By Mauricio Sulaimán / son of José Sulaimán / WBC President

WORLD BOXING COUNCIL Mauricio Sulaimán, President Rio Bamba No. 835, Col. Linda Vista México City, D.F., México, 07300 Phones +52 (55) 57150309 | +52 (55) 51195276   R.I.P. – WBC President Dr. José Sulaimán – 1931-2014
August 22, 2023   B   Boxing is a unique sport, with a large number of particularities that make it so different from all the others.   The vast majority of fighters, perhaps all, come from humble cradles with rocking obstacles to overcome ever since they can remember. They manage to escape from the demons of crime, addictions and other temptations that lurk in the darker enclaves of the street and when they find the boxing gym, they change their lives to at least have a chance of making something of themselves.    
There are two types of boxing. One is amateur, whose objective is to learn, compete and if successful, seek a medal in the Olympic Games; or jump to the other model that is professional boxing, where you get paid to fight.    
The professional starts with four-round fights and levels up to six, eight, 10, and the championship fights are 12 rounds. Normally, in the beginning, it is the same coach who manages to get fights for his fighter to participate in, and thus gain experience. Later the figure of the manager or agent appears, who signs the fighters, represents them, and gets them fights. Finally, there is the promoter, who is in charge of setting up the events, putting on a variety of fights, looking for people to attend and thus be able to recover their expenses.    
Without promoters there is no boxing. The vast majority of promoters lose money. It is extremely difficult to be a boxing promoter. It takes years to really develop the career of a fighter, to create interest in the fans for a fighter, to generate a fan base, to have credibility and to build a company, but at the end their passion keeps them active, looking to one day sign the next Floyd Mayweather Jr. or Canelo Álvarez.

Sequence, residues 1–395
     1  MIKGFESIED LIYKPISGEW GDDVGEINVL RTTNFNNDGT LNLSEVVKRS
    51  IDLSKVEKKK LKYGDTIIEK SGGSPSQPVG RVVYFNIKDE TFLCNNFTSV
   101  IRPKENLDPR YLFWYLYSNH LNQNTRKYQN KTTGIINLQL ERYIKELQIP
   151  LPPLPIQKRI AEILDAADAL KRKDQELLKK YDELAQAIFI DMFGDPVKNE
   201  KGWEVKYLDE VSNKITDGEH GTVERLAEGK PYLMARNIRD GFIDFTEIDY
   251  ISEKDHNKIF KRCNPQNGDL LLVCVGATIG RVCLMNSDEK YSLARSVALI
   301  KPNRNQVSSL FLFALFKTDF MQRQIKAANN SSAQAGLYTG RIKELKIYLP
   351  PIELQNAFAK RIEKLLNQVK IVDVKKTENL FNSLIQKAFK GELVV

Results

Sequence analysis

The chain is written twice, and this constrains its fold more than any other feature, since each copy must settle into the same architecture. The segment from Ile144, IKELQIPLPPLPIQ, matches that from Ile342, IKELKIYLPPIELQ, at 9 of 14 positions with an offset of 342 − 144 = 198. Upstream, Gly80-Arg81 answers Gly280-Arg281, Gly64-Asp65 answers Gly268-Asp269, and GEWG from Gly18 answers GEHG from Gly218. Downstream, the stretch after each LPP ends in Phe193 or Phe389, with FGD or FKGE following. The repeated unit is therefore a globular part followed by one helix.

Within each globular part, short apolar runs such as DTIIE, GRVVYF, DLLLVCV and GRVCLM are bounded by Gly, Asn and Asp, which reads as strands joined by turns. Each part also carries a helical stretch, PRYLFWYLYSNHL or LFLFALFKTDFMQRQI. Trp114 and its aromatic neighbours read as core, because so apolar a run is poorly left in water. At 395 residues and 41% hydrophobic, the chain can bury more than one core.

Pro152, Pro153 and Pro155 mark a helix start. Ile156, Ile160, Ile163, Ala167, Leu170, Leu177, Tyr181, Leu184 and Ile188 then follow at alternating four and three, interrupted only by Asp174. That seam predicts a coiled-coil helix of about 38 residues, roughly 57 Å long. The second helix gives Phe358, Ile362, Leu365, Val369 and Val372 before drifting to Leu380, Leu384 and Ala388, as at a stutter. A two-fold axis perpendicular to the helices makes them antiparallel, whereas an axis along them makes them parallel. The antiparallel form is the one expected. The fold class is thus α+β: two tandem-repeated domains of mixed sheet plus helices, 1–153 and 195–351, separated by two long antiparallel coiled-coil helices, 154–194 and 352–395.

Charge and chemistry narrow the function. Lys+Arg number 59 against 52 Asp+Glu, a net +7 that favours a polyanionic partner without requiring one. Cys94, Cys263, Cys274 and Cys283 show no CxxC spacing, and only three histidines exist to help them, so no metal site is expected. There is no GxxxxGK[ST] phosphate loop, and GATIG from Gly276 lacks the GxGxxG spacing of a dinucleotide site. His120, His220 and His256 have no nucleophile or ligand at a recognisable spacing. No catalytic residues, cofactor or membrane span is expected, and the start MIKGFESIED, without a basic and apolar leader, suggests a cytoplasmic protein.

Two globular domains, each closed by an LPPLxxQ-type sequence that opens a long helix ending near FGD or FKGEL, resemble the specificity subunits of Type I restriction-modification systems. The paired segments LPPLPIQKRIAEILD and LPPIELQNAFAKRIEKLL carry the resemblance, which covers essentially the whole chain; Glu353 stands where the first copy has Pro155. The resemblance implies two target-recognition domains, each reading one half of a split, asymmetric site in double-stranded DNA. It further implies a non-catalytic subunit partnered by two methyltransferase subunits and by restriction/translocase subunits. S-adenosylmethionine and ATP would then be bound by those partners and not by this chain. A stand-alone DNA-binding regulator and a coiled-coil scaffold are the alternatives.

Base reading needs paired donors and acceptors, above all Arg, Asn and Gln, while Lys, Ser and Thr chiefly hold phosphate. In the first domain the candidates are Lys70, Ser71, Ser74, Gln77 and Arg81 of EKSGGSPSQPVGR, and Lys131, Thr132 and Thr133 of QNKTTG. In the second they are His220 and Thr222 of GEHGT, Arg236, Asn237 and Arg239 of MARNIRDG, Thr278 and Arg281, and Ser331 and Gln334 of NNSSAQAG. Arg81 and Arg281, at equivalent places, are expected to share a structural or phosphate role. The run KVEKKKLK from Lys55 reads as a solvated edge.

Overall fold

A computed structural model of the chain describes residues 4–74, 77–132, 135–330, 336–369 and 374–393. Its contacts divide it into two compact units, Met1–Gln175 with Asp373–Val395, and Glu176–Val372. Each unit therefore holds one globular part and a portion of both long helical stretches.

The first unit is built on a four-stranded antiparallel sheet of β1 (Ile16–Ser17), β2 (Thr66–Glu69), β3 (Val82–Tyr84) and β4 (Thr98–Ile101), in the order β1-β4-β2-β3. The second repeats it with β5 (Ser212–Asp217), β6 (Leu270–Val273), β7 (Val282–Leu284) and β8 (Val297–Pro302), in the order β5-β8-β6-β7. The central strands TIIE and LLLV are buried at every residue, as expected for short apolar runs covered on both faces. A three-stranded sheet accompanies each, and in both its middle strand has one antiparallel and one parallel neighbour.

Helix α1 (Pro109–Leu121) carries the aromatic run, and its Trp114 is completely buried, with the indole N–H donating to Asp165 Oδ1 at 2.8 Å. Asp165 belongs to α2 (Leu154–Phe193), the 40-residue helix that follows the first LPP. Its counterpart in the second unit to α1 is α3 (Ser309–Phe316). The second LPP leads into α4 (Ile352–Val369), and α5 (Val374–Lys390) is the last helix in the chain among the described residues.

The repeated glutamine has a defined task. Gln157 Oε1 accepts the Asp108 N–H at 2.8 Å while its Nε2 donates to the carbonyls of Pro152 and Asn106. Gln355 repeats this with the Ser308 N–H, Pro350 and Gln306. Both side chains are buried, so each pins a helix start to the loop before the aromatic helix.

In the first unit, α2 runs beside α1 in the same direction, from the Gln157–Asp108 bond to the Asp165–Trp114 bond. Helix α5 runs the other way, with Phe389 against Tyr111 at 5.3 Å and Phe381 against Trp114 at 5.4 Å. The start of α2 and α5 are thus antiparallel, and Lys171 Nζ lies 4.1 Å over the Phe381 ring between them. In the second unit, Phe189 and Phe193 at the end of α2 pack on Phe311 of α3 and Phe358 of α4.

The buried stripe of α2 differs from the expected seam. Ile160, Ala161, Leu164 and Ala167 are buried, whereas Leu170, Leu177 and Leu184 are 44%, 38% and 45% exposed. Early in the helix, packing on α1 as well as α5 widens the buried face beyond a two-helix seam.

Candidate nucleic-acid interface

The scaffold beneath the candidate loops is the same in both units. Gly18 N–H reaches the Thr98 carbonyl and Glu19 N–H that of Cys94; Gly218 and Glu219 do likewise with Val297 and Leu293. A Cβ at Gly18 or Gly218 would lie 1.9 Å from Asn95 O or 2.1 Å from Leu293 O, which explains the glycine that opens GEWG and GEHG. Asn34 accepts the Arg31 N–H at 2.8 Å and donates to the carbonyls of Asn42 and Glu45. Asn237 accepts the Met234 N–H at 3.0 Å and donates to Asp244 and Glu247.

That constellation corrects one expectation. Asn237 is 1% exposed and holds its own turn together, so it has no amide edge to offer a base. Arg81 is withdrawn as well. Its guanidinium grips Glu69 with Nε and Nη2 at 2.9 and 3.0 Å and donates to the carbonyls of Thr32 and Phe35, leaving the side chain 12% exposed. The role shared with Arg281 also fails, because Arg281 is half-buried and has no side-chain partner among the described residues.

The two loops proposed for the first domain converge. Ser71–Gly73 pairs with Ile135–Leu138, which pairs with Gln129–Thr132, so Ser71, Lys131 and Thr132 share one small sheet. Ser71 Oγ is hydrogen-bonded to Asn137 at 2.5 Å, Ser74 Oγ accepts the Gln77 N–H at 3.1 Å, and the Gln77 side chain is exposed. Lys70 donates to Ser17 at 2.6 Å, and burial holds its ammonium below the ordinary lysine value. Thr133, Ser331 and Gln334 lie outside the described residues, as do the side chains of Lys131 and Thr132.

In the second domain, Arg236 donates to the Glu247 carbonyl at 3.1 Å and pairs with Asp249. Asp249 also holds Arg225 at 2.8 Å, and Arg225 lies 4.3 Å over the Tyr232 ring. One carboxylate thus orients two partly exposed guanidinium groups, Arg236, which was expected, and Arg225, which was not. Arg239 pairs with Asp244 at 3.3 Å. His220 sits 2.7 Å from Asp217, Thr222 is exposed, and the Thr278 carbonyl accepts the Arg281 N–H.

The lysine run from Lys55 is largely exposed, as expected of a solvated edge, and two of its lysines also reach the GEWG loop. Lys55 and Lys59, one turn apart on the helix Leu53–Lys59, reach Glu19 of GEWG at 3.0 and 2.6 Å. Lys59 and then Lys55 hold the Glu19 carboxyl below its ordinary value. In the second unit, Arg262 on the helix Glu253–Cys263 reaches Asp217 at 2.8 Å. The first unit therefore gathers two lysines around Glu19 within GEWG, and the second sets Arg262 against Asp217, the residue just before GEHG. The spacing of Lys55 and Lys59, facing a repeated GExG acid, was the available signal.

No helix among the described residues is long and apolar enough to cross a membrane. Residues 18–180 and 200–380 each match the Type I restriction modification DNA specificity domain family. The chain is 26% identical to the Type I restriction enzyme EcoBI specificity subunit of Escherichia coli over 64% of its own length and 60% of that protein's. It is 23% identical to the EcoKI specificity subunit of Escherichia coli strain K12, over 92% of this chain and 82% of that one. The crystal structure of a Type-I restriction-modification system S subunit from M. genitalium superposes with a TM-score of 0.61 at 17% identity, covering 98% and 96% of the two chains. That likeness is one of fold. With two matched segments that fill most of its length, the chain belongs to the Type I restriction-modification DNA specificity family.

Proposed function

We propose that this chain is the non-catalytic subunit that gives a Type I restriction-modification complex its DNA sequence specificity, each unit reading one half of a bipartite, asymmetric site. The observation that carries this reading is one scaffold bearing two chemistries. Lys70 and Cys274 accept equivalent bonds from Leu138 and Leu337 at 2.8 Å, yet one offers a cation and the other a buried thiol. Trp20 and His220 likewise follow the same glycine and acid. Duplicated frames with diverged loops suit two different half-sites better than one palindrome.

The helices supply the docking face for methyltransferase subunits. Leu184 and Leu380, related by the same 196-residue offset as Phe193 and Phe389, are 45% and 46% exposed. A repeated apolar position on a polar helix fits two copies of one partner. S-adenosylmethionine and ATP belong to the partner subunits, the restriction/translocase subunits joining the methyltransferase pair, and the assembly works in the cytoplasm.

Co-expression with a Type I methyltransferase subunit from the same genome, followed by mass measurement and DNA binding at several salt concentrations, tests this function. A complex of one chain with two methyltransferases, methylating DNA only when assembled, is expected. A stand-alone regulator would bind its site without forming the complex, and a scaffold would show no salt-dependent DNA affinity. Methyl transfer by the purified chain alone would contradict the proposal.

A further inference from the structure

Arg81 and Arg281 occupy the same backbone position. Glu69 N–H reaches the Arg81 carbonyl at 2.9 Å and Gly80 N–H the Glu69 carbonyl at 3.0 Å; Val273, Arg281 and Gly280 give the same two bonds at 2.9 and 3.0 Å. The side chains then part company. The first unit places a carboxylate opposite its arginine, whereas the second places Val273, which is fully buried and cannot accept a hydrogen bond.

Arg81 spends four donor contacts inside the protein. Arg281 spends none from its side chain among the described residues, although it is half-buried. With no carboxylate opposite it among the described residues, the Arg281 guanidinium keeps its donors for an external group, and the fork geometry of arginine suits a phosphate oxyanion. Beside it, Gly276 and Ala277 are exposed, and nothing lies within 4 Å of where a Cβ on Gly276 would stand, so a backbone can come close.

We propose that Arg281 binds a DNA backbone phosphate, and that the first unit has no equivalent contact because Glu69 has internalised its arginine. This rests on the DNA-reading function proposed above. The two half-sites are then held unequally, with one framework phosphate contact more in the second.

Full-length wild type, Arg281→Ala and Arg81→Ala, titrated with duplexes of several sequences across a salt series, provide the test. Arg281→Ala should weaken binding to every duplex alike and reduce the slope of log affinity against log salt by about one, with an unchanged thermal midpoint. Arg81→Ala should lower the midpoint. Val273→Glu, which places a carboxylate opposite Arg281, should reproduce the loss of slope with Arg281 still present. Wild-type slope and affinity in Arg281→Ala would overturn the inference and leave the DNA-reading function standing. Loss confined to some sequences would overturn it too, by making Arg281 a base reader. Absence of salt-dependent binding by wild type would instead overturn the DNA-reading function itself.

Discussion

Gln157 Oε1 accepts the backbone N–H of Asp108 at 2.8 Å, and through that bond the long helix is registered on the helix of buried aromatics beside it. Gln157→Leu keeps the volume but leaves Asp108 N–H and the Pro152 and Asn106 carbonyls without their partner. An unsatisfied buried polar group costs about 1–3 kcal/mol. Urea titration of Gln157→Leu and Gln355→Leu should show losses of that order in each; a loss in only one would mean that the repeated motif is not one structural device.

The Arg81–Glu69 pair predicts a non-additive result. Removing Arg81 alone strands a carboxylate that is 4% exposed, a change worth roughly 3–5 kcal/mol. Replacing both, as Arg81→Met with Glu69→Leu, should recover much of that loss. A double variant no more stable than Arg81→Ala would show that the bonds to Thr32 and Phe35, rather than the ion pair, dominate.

All the fights in the world are carried out under the supervision and sanction of the local boxing commissions. These entities regulate everything that has to do with the event: medical examinations, rules, weigh-ins, and proper administration of the regulations and event in general. There are countries that have only one regulatory entity. For example in the Philippines, GAB is the sole boxing administrator. Others have by state, as it happens in the USA, as each state and has its own commission and also, as in Mexico, commissions even at the city level!   The World Boxing Council intervention, as a sanctioning organization, begins with championship fights. Initially they were only world championships, but in the 80s, regional championships began to be created by the WBC to achieve the better graduated progress of prospects, to prepare them to reach the World title level with greater possibilities of success: the International, Continental, Youth, and Latin American championships. In short, a number of regional titles have been created to improve the level of competition, learning curve, experience and the promotion of the sport throughout the world.    
However, the WBC has taken a role of participating in many other aspects in addition to ranking and sanctioning title fights.   Boxing was born as a wild, aggressive and brutal sport, and for centuries it did not have the slightest regulation or consideration for the boxer, the human being. Boxers were treated as if they were merchandise, without protection, and with cruel abuse even crossing to inhuman practices.   The WBC was born looking to change the course of this great sport and in 1975, when my dear father, José Sulaimán, was elected president, it was there and then that he started a safety and consideration for the fighters revolution, to change the destiny of the sport, to make it safer and better even against vested interests of powerful groups. To fight against discrimination of any type and to battle against the abuse of power, with the great inspiration of two of his lifetime heroes, Muhammad Ali and Nelson Mandela.